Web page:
As we note at CORROSIVITY or ACIDITY of WATER, corrosive water is responsible for health effects of increased lead, copper or other contaminants in drinking water and corrosive water in building plumbing & heating systems is also responsible for costly leak damage.
Here are some inspection points that help find corrosion-induced leaks in copper supply and drain pipes in buildings.
Identify the copper pipe type: First, what quality of copper has been installed? Copper piping is sold in different weights or thicknesses.
M is thin-walled, used in heating baseboards (you should be ok with that as the water in a hot water heating system does not keep changing out so corrosivity is normally limited);
Types K (thickest) and L copper are used for water piping, M being the heavier grade, more resistant to corrosion perforation.
Inspect both water supply pipes and copper waste pipes too. Pinhole leaks in copper pipes can occur on both supply and drain piping.
Corrosive water combined with waste and waste water increases the risk of corroding copper drain piping. Pinholes can form anywhere on copper water supply piping.
Drain pipe leaks in copper pipes, if caused by corrosion, form differently. Surprisingly you need to look along low-sloping runs of copper drain piping for evidence of corrosion or leaks along the top of the copper drain pipe, not just the bottom.
That's because droplets of highly corrosive condensate form along the upper surface of the pipes and remain in place for long periods, never being washed away by drain usage.
Test the corrosivity of the water supply. Beginning at CORROSIVITY or ACIDITY of WATER we explain that corrosive water increases the chance of leaks in copper piping.
Look for blue dots or pinholes along the copper pipe surfaces: For all copper pipes, but particularly if your distribution piping is Type L, you should inspect for corrosion on the pipe exterior - and beware that a small blue dot, when you scratch it, may become a rapid leak.
Because the piping is corroding from the interior out, you won't see how thin and fragile other piping sections are ... until the next leak.
Watch out: Don't ever "pick" at corrosion on water pipes, water tanks, heating boilers, water heaters, calorifiers, cylinders: unless you're prepared to shut down the water supply and clean up a leak.
Look for larger areas of corroded piping such as that shown in our photograph at the top of this page and in our photograph just above. More likely the thick green copper-oxide on the copper pipe in the page top photo is from a larger leak on the other side of the subfloor through which the pipe is passing.
In the photo just above leaks at a bathroom toilet have stained the subfloor and both supply and drain pipes in this New Jersey surgical center. These are external corrosion and leak signs rather than signs of leaks caused by internal corrosion of the pipes.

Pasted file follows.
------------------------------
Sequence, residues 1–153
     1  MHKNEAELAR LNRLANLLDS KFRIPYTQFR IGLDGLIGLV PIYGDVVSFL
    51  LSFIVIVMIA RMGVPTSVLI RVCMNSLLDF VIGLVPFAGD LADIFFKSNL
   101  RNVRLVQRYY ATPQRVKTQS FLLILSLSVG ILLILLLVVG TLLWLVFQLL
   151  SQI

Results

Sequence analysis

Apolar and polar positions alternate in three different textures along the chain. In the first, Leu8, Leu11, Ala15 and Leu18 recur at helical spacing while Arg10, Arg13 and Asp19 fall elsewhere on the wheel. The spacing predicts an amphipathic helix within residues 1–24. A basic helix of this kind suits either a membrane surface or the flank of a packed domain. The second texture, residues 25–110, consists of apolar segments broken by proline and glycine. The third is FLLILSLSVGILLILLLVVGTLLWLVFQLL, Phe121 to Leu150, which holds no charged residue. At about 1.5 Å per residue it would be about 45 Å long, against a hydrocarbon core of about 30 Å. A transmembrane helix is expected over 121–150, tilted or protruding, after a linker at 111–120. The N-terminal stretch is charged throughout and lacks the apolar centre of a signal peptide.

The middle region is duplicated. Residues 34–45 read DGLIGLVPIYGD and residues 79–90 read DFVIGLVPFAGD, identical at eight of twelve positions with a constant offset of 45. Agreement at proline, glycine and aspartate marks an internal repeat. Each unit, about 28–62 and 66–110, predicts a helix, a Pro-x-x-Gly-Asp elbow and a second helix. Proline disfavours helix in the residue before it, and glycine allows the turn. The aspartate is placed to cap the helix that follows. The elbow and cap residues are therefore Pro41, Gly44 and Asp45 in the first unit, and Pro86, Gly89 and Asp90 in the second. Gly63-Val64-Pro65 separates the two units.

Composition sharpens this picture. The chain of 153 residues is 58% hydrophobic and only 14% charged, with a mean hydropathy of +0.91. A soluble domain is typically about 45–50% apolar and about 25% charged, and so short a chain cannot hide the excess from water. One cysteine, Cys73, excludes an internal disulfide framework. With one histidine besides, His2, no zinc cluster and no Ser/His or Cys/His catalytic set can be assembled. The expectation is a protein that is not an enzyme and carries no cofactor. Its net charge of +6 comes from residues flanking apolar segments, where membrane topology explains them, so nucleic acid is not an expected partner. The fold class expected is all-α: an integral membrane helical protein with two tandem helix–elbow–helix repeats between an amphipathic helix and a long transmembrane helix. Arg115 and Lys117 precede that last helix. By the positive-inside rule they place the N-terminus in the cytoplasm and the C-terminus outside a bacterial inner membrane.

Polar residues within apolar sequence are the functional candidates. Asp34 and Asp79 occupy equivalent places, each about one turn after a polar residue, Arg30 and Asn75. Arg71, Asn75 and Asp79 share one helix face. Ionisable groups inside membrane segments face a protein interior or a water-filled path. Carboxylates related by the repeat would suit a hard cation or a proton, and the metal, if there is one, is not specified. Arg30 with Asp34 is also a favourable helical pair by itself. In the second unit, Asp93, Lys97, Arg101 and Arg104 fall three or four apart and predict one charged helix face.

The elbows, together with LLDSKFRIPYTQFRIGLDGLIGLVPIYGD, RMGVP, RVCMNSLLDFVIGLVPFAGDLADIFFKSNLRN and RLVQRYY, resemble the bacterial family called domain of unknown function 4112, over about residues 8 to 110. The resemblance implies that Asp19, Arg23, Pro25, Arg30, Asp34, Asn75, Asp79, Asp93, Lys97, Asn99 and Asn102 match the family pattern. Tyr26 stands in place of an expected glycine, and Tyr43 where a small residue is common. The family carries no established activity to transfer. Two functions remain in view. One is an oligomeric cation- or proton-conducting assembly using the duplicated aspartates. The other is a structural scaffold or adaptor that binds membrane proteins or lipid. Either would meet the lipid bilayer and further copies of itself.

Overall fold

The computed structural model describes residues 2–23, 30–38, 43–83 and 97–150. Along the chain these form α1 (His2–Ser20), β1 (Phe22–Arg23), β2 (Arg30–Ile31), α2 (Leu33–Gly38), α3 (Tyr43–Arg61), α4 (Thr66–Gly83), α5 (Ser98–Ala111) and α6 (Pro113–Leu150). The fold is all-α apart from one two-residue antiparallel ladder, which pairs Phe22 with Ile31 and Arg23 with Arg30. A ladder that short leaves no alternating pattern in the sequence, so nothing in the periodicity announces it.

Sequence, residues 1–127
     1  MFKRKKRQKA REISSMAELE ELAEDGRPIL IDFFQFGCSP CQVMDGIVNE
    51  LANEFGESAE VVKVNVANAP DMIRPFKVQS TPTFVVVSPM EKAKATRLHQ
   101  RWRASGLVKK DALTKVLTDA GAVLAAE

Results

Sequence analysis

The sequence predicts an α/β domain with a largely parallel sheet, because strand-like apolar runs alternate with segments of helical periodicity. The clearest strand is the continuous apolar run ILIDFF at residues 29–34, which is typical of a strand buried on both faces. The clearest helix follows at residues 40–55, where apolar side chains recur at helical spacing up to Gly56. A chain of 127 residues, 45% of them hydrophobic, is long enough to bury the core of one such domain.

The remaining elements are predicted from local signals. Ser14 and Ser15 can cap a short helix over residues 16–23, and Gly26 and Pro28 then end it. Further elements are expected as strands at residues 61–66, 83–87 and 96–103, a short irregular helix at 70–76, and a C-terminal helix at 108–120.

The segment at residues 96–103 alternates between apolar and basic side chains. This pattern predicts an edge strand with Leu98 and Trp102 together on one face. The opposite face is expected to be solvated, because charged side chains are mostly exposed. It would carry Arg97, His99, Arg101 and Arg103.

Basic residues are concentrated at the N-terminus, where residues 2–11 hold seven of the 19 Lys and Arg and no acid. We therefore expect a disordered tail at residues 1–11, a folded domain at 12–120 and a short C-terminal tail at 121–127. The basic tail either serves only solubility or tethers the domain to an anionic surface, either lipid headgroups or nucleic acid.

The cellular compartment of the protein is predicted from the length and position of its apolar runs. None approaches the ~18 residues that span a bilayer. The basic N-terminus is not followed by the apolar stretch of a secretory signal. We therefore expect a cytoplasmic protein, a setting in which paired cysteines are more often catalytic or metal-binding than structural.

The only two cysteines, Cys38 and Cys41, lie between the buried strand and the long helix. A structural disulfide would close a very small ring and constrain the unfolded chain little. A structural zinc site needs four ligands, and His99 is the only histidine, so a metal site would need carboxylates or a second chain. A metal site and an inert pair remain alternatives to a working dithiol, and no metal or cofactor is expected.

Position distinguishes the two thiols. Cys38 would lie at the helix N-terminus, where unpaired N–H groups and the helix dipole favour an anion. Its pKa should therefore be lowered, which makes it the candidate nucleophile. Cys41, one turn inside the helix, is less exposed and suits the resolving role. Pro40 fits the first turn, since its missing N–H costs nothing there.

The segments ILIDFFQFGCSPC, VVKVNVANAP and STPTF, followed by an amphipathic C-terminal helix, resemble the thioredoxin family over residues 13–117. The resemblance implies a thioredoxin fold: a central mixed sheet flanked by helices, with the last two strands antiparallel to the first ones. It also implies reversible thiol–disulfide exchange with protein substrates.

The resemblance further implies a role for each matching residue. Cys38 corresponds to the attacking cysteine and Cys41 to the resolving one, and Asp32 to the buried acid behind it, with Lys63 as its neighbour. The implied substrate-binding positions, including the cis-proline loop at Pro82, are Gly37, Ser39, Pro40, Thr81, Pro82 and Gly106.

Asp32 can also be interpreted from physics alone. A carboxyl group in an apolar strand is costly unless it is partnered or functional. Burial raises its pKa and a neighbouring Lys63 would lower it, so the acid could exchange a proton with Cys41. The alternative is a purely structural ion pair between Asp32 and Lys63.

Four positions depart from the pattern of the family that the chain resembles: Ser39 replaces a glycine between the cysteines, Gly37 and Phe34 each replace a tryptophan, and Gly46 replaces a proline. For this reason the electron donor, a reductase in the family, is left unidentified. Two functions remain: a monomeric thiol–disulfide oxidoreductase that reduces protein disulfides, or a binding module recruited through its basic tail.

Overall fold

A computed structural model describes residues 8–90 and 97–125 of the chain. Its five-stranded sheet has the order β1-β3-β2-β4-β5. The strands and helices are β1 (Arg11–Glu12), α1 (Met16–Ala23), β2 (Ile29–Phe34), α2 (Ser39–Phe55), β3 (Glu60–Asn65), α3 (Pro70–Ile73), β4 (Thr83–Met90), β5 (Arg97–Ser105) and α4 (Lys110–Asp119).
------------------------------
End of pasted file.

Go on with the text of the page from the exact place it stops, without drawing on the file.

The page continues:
Look for signs of active leaks: water stains on building materials below the piping or in severe cases, wet lengths of piping or wet building surfaces near or below the pipes. Watch out: don't confuse condensation on water pipes with leaks. Our photo shows condensation on cold water supply pipes in a damp crawl space. See CONDENSATION or SWEATING PIPES, TANKS for details.
Replace leaky copper piping: The bad news that has come up with some InspectAPedia readers, is that if you discover a length of copper piping with imminent or current pinholes, replacing just that section is not very comforting.
Other Causes of Pinhole Leaks in Copper Pipes in Buildings
Other causes of copper pipe pinholing or holing and leaks include
Scouring of the pipe interior by unusually high velocity water flow through the system.
Sand, silt, or other abrasive contaminants in the water supply (you will probably detect these by clogged strainers at your faucets or clogged shower heads),
Improper or missing electrical grounding of the electrical equipment or any other electrical appliances in the building, including the presence of stray voltage in the grounding system or poor bonding of the grounding conductors to metal piping, or its interruption by DIELECTRIC FITTING CODES or other components.
Lightning strikes or electrical arcing from nearby electrical components - as I describe just below
We joined in investigating a site that had suffered what appeared to be a lightning strike - it was actually an electrical discharge from a high voltage power transmission line. A tree grew tall enough to contact the line, conducting power to the ground close to the home.
Moisture under the garage floor slab vaporized, exploding the floor, sending the car up through the garage roof.
Electricity traveled across from the garage, apparently following tree roots, up an iron entry stair railing, over to aluminum siding (all the aluminum pop rivets melted and all of the the siding corner trim pieces fell to the ground), around the siding to a metal outdoor hose bib to metal water piping.
Inside the building the water pipe was fused and melted, causing a basement flood.
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De Waard, C., and D. E. Milliams. "Carbonic acid corrosion of steel." Corrosion 31, no. 5 (1975): 177-181.
Isaac, R. A., L. Gil, A. N. Cooperman, K. Hulme, B. Eddy, M. Ruiz, K. Jacobson, C. Larson, and O. C. Pancorbo. "Corrosion in drinking water distribution systems: a major contributor of copper and lead to wastewaters and effluents." Environmental science & technology 31, no. 11 (1997): 3198-3203.
Jones, Anne. "Stress corrosion cracking." In in ASM Handbook, Metals Handbook. 1998.
Kermani, M. B., and A. Morshed. "Carbon dioxide corrosion in oil and gas production—a compendium." Corrosion 59, no. 8 (2003): 659-683.
Kiene, L., W. Lu, and Y. Levi. "Relative importance of the phenomena responsible for chlorine decay in drinking water distribution systems." Water Science and Technology 38, no. 6 (1998): 219-227.
Kritzer, Peter. "Corrosion in high-temperature and supercritical water and aqueous solutions: a review." The Journal of Supercritical Fluids 29, no. 1 (2004): 1-29.
Little, Brenda J., Florian B. Mansfeld, Peggy J. Arps, and James C. Earthman. Microbiologically influenced corrosion. Wiley‐VCH Verlag GmbH & Co. KGaA, 2007.
Oram, Brian, "Drinking Water Issues Corrosive Water (Lead, Copper, Aluminum, Zinc, and More)" (web page), Water Research Center, Water Research Center
B.F. Environmental Consultants Inc.
15 Hillcrest Drive, Dallas, PA 18612, USA, retrieved 2017/02/16, original source: http://www.water-research.net/index.php/drinking-water-issues-corrosive-water-lead-copper-aluminum-zinc-and-more
Roberge, P. R. (1999). Handbook of Corrosion Engineering (1st ed.). McGraw-Hill Professional. ISBN 0-07-076516-2.